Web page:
Preparing to go on the road with John McCain was a very unusual proposition for me, considering that I spent part of my childhood in Oakland, California, on public assistance and always felt disenfranchised from the "American Dream." Therefore, until I recently worked with MTV's Choose or Lose department, I never really had faith in politics or its process. But I'm all grown up now and I realize that there needs to be a broader variety of representation within the political arena, as well as how it's reported. So, in anticipation of the Senator's MTV/MySpace dialogue Monday at 7 p.m. ET, I was eager to infiltrate these circles.
I had never been to South Carolina, so I really didn't know what to expect. In my experiences traveling through the South, people have been extremely friendly and easygoing. They greet you when you walk by and say "sir" or "ma'am" at the end of sentences. They are very proud of their traditions both new and old, which at times has proven to be very uncomfortable for me, particularly when driving down highways where I see multiple Confederate flags waving. As an African-American man, that's a part of the Southern legacy that I can't be comfortable with, for obvious reasons. Nevertheless, I was there to hang out with Senator McCain, and he gave us an all-access pass.
After a 90-minute flight on one of those small commuter planes where you literally feel every bump, we finally arrived in one piece — to find out that the Senator's flight was delayed, so we made a detour to a local coffeehouse. That detour was a blessing in disguise for me, because I was a little concerned about my approach to interviewing the senator and felt like I needed more time to absorb his policies and map out our talk.
Actually, interviewing artists and politicians is similar in many ways because they all have something to sell — but still, would I question Senator McCain — who, after all, could be the next president of the United States — in the same way I would 50 Cent or Pete Wentz?
During my deliberation, I found myself staring at a white girl whose hair was in dreadlocks. Needless to say, seeing that in Columbia, South Carolina, was a bit of a surprise, so I invited her to sit down for a conversation. She explained that she'd only arrived in S.C. a few months earlier, and that she was a photographer from Atlanta. She mentioned that she'd been hired to shoot a local wedding but, upon her arrival, she wasn't allowed into the venue because of her hair! It had been her first taste of discrimination.
We were floored, but she went on to explain that the venue was a country club that did not allow minorities, single women with children, and — just added — white people with dreadlocks. Since I've had 'locks for more than a decade, I could relate. I asked her if she would consider, as it would definitely make her life easier, and she answered me, in my opinion, in the best way possible: She said that she would always stay true to herself. I give her a lot of respect — and not only that, she helped me to decide how I would approach my interview with the senator. I would do it the way I've always done it, and be myself.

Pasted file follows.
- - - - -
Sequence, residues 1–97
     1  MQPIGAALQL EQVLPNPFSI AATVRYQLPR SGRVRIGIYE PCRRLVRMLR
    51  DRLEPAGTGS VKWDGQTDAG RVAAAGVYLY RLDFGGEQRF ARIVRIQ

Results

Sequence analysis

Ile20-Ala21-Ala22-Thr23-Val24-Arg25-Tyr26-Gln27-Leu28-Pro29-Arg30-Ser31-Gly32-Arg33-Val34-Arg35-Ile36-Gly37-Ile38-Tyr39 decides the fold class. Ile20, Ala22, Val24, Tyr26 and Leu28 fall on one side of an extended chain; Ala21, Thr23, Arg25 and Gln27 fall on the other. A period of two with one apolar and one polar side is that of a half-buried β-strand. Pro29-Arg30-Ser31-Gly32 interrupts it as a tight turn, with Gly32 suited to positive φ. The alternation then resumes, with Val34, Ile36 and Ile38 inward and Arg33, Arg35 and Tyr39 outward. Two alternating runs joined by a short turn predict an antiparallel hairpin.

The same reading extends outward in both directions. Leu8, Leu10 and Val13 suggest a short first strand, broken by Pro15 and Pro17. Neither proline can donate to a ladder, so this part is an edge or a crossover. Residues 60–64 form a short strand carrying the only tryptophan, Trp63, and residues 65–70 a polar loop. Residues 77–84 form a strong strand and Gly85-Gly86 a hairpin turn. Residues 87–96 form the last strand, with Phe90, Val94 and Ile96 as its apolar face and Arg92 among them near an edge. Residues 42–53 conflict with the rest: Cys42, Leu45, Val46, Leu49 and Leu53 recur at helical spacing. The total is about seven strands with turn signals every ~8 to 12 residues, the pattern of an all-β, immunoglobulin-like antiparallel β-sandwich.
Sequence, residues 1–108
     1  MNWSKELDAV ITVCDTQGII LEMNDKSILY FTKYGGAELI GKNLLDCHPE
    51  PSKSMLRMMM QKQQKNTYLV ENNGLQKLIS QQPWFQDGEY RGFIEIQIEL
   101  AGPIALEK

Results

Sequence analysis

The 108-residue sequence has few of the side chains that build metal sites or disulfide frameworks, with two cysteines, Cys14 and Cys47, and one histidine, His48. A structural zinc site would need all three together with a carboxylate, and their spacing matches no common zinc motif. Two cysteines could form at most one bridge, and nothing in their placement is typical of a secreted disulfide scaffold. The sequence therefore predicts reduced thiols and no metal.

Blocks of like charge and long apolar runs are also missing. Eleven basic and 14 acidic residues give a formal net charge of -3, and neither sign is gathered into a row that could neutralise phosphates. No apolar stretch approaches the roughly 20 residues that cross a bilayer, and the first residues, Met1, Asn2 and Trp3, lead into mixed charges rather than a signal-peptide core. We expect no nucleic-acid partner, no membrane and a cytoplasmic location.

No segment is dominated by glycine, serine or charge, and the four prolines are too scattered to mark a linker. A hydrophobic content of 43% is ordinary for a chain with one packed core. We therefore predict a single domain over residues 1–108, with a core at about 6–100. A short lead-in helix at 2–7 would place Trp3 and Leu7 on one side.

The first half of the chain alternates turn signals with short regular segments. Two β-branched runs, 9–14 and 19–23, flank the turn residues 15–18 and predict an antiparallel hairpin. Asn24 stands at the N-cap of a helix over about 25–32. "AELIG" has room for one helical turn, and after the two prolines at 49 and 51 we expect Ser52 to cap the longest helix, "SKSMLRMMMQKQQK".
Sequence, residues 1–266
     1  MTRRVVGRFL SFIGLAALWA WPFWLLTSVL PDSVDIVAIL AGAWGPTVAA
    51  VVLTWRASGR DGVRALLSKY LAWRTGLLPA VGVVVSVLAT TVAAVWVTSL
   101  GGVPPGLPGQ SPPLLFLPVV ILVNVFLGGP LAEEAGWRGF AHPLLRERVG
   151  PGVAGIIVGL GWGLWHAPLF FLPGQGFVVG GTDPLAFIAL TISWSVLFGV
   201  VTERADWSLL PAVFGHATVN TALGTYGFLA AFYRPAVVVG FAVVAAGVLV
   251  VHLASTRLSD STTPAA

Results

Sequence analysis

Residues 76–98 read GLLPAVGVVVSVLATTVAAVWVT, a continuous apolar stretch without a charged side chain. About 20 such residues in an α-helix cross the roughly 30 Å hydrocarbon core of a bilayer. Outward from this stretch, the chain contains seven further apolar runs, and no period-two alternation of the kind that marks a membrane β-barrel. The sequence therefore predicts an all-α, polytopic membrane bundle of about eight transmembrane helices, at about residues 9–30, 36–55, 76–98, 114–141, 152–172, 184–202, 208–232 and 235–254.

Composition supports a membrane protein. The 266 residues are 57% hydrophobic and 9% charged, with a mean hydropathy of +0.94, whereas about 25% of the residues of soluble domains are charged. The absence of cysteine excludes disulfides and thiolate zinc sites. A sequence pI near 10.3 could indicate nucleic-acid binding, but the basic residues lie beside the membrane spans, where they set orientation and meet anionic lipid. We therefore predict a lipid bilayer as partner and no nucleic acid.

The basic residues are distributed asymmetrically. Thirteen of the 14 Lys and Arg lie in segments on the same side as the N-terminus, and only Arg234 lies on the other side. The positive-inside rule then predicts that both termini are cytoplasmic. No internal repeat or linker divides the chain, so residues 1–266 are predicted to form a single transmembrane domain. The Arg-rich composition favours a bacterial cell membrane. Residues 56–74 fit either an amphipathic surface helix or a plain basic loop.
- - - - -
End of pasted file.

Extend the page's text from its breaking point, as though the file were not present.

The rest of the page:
We got word that Senator McCain was back on track and wanted to meet us in the city of Lexington at a place called Hudson's Smokehouse, about an hour away. Now this place was the quintessential barbeque spot! We arrived to an abundance of hospitality, along with war veterans and staunch McCain supporters, and I thought to myself, "So this is what the campaign trail really looks like!" It actually kind of reminded me of covering the Rock the Mic Tour with Jay-Z and company.
After a short wait, the senator arrived and went straight to work, shaking hands and kissing babies like the seasoned veteran he is. He addressed the crowd of at least 200 people, covering topics such as the wars in Iraq and Afghanistan, health care, education, the economy and global warming.
After addressing the crowd and the cache of press reporters, he headed my way to our designated area, greeted me with a smile and said, "Ah yes, MTV." I proceeded to introduce myself and, before launching into questions, establish some commonalities between the two of us — like fishing! That first move set the tone for a smooth interview that consisted of topics that directly relate to young Americans, including: If elected, how would young voters' lives be different at the end of his term? Will Social Security still be available by the time young Americans become eligible, decades from now? What are his plans to keep our nation safe? The senator didn't shy away from any question, and was straightforward in his responses.
All in all, it turned out to be a very useful and informative interview, and I'm really looking forward to seeing him at our next Presidential Dialogue. But more importantly, I hope that many more young Americans get involved in the political process.
Take your comments and questions straight to Senator McCain when MTV and MySpace present our next Presidential Dialogue on Monday. Catch it live on MTV, or log on via MySpace or ChooseOrLose.com. It all starts at 7 p.m. ET.